Presented by Ben Ravani (General Manager) at the Convergence 2014 event.

 

Cloud computing is the hot topic of the moment, reduction in IT costs and increased agility responding to market demands are among the touted benefits of the cloud; but what are the downsides? How can they be addressed?

 

A demystification of the cloud is required, think about yourself for a second, what are YOUR concerns?

 

Personally, I worry about my personal data, my companies data and my customers data.

 

When considering a cloud service, certain questions should always be asked of the vendor:

  • Where is my data stored?
  • How secure is my data?
  • Who has access to my data?
  • What other purpose other than serving me is my data used for?
  • How reliable is the service I am entrusting with my data and how is it managed?

 

Microsoft have 6 data centres to support Dynamics 2013, they are split into pairs in the USA, Europe and Asia.  The data centres have a number of features to address the fears of cloud services:

  • Physical security including parameter, multi-factor authentication, constant monitoring and locked racks.
  • Critical services are also hosted including Office365, MSN and Skype adding a level of assurance.
  • Dynamic scaling and capacity management.

 

Reliability is obviously a paramount consideration, Active-Active high availability including near real-time replication as well as business continuity are all provided in the data centre.

 

Two copies of your data is written to storage in the primary DC with 2 further copies written to the secondary, sister DC.  As well as this, a fully encrypted backup is securely stored at an off-site location.  Switch-over between DC’s is as straight-forward as ‘the push of a button’.

 

Privacy is assured by initially ensuring that each customer has their own database.  Further safeguards are also in place to provide additional privacy and manage the centre:

  • Data Centre employees have no access to data, only hardware.
  • Failed storage devices are securely stored and shredded.
  • Automated workflows provide self-healing to reduce resolution time and remove human intervention in certain scenarios.
  • Microsoft Operations Centre (MOC) provides 24×7 first response to all monitoring and alerts, escalating to service engineers as appropriate.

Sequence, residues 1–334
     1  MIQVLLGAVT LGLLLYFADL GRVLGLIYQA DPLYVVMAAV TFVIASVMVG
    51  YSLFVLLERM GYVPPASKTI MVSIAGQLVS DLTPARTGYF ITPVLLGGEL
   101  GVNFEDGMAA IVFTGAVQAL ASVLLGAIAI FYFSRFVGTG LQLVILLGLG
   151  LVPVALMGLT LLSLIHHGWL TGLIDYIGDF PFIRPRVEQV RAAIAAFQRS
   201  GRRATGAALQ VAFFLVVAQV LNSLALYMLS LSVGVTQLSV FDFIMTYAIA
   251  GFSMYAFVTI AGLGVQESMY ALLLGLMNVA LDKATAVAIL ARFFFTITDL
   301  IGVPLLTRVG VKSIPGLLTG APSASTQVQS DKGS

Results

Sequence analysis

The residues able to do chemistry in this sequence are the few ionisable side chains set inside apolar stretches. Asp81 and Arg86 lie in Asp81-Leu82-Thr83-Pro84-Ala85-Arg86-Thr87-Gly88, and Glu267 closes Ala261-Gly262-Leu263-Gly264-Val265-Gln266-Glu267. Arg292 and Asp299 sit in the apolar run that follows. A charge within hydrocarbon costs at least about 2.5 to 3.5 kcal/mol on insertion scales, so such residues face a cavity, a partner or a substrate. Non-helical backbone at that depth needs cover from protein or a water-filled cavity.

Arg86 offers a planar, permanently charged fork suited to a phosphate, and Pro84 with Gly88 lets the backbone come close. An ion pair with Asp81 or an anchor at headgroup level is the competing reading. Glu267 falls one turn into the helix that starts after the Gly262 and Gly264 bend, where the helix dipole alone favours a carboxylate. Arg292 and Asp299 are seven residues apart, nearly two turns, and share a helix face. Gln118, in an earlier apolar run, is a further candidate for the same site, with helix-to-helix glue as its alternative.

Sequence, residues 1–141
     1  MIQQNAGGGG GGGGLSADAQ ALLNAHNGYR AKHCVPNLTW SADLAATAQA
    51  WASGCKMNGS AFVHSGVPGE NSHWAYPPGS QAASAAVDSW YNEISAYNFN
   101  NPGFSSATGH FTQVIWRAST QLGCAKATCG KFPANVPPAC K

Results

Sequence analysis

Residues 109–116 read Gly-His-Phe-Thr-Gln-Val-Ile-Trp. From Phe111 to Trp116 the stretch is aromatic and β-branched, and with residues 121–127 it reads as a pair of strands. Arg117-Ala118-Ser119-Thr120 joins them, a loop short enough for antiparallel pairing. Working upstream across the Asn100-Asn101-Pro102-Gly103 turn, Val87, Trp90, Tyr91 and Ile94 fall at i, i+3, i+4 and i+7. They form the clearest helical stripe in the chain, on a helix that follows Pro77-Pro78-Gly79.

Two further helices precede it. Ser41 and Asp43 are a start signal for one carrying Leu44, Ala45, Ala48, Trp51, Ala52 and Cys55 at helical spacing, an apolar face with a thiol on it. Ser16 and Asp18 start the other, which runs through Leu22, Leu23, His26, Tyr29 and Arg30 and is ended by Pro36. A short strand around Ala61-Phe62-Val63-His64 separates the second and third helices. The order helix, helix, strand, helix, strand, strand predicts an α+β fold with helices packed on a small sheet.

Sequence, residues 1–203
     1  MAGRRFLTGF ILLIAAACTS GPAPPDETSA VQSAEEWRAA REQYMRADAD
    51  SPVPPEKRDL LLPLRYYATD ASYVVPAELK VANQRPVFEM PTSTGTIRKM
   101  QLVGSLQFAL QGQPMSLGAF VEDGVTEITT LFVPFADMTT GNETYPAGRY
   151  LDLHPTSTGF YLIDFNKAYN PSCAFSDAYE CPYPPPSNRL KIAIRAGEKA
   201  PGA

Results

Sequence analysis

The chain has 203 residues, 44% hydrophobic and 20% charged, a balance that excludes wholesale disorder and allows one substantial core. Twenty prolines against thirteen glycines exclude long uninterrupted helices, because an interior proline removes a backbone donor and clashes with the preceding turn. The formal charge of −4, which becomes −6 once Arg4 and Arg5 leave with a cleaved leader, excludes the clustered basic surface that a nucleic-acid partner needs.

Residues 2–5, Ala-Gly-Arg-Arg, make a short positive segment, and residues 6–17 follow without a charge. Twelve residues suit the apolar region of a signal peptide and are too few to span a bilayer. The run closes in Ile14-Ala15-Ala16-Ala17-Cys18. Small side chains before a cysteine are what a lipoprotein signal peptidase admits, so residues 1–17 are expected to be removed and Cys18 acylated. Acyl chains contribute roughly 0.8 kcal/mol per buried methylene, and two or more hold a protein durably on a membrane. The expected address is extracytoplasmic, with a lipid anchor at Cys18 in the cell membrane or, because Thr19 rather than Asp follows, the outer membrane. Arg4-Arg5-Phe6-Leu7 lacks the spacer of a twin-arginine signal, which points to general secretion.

• Service engineers are fully background checked and are located in Redmond and Ireland only; these individuals are highly trusted as they have high-levels of access to both hardware and data in order to resolve issues.

 

Microsoft are dedicated to security and privacy, fully details are available at http://crm.dynamics.com/trust-center but at a high-level:

  • Integrity – Microsoft have been entrusted with your data and take this very seriously.
  • Principles – Security, Privacy and Transparency.
  • Compliance – ISO 27001, HIPAA, EU Model Clauses etc.

 

To summarise the webinar, let me present a screenshot from Ben’s presentation:

Consumer relationship management (CRM) and other technologies can help businesses take advantage of opportunities and react more quickly to changes in their environment, particularly when it comes to the financial services industry, a new study has suggested.

According to the report from Ricoh Europe and the Economist Intelligence Unit, only one in ten British finance firms – including retail, corporate and investment banking as well as insurance – feel they are prepared to respond to unexpected changes in the future.

Given the extended period of flux that has characterised the financial services sector in recent years, this could prove to be something of a concern.

Carsten Bruhn, executive vice-president at Ricoh, said: “Juggling so many obstacles, while at the same time trying to focus on client services, transform internal processes and ensure regulatory compliance is a monumental task. It’s no wonder that financial services leaders are feeling under pressure.”

According to Mr Bruhn, embracing the possibilities offered by new technologies can reduce the stress facing finance chiefs while ensuring their businesses are as flexible and effective as possible in the current economic and regulatory environment.

Processes such as “customer communication management services” can improve the relationship businesses enjoy with their clients while automating a relatively time-consuming and expensive part of the operation, driving up efficiency levels within the sector, he posited.

The Ricoh study found the most crucial areas where financial services firms need to change their approach to be in the field of adopting new technologies, attracting and retaining customers, and improving core business processes, in that order of preference.